Recreational fishermen want fair share of fluke allocation
Published in the Asbury Park Press 3/21/04
Fisheries management officials are being challenged by recreational fishermen to give anglers a fair share of the annual fluke quota.
Herb Moore Jr., director of government affairs for the Recreational Fishing Alliance, pointed out that historical data and logic indicate the allocation of the resource has been wrong since fluke management started.
The management program was set up so that the commercial sector gets 60 percent of the total allowable landings and the recreational sector gets 40 percent.
The RFA and the United Boatmen filed a petition for rule making last year that would reallocate the landings, giving half to the commercial sector and half to the recreational sector.
This would not only be more in line with traditional recreational landings before the management snapshot of 1980-1989 used as a base for division, but would be a more equitable split of a national resource.
Under the present system, 60 percent of the landings is allocated to about 1,400 commercial permit holders while 40 percent is allocated to between three million and four million recreational fishermen.
The result has been that a non-fisherman can buy fluke fillets at, say, $9 a pound anytime he goes to the market, while the angler expends considerable effort and an average of $50 for a party boat trip to catch one keeper fluke in three outings. This is not fair, equitable or right.
The time-frayed argument that disinformation specialists from the commercial sector use to justify a 60-40 split in the fluke quota is that the 1,400 commercial fishermen satisfy the non-fishing public's demand for fluke.
The claim is that, while there may be four million fluke fishermen out there wringing their hands that they have to make three fishing trips to catch one legal fluke, there are 250 million persons in the nation demanding fluke fillets at $9 a pound in the supermarket or $25 in the restaurant.
This is utter nonsense. There are no non-fishermen calling their legislators or lobbying for more fluke when the commercial quota is reduced.
Whoever heard of a member of the non-fishing public appearing at a fisheries management hearing pleading for the chance to buy an extra fluke to take home for dinner?
The commercial sector does not satisfy a public demand for fluke fillets. It exploits an opportunity to sell fish. It lands as many edible fish as it is allowed to land, and then looks for a market for them.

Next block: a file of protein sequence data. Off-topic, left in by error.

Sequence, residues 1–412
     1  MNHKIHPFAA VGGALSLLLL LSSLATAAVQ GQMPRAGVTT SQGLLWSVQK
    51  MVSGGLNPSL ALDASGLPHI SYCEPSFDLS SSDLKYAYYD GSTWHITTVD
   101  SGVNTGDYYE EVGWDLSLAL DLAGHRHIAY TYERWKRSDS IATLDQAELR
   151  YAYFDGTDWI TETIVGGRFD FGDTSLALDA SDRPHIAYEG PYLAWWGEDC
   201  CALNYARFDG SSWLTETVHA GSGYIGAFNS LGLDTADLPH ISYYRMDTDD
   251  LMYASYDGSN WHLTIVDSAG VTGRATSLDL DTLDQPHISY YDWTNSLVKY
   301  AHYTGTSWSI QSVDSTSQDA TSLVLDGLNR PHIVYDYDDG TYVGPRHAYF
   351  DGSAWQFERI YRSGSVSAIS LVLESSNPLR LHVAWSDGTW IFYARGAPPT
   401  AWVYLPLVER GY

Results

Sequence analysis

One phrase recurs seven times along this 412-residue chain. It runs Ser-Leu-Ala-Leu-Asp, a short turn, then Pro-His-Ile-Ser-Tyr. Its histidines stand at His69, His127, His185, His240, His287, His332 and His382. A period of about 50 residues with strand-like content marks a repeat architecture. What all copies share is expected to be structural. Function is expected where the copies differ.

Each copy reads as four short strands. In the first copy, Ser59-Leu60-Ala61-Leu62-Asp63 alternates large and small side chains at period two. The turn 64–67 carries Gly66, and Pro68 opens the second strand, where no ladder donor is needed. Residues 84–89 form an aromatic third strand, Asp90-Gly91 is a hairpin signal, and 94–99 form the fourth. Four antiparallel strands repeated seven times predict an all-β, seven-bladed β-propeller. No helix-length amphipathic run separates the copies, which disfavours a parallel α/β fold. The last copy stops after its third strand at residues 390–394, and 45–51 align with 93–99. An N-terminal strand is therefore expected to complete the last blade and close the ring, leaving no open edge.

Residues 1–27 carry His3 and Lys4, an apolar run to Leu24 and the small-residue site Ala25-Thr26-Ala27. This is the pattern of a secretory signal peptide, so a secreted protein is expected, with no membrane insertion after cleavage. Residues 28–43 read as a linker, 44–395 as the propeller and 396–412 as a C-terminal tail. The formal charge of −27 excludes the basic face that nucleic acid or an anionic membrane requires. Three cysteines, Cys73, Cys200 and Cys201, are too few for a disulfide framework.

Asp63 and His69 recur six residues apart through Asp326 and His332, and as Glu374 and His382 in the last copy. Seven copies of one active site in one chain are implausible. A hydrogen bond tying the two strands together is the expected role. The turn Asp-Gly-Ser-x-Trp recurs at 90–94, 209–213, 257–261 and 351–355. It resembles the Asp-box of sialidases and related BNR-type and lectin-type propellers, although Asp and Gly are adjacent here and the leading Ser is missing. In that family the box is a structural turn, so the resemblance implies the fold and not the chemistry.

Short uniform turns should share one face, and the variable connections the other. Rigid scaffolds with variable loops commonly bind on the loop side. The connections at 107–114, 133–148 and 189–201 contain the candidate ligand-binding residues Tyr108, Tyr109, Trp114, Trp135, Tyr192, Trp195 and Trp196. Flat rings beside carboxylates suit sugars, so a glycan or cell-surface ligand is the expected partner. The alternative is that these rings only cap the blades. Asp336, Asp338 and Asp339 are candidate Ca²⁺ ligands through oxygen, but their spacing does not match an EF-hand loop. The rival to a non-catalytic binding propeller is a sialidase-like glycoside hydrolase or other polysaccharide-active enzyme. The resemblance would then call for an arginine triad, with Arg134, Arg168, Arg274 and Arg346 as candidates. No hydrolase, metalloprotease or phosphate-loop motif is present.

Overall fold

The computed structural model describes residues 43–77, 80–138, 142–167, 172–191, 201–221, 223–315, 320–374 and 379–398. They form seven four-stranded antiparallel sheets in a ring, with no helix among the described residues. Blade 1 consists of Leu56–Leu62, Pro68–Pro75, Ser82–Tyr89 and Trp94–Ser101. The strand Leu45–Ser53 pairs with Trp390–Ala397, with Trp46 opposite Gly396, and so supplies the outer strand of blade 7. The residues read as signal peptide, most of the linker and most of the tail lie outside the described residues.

The recreational fluke fishing community is not asking management for 60 percent of the quota. It is simply asking for a 50-50 split -- a chance for anglers to take a fluke home for dinner when they go fishing.
The National Marine Fisheries Service accepted the detailed petition for rule making in July of 2003 and the Mid-Atlantic Fishery Management Council and the Atlantic States Marine Fisheries Commission's summer flounder board passed a motion in October to "review the current formula used to allocate landings to the commercial and recreational summer flounder fisheries."
Dan Furlong, executive director of the council, wrote Moore and Raymond D. Bogan, legal adviser of the United Boatmen, that the ASMFC's fluke technical committee met during the last week of February in Providence, R.I., to discuss the allocation issue.
"The committee has agreed that it would review the available information and prepare a report for consideration by the council and the commission at the August 2004 council meeting in Baltimore, Md.," he replied.
Moore pointed out that the current 60-40 allocation has disadvantaged and harmed the recreational fishing sector by contributing to smaller possession limits, larger minimum size requirements, shorter seasons, delayed season openings and early-season closures.
"The current 60-40 allocation needs to be looked at in light of the issues we raised in our petition for rule making -- especially the National Standards under the Magnuson-Stevens Act and whether 1980-89 was a representative period to come up with the allocation split," Moore said.
Bogan added that recreational fishermen are being treated unfairly and the industries that depend on them are being adversely affected.
"We are not asking for anything outrageous," he said. "We are asking for the fairness that the law requires."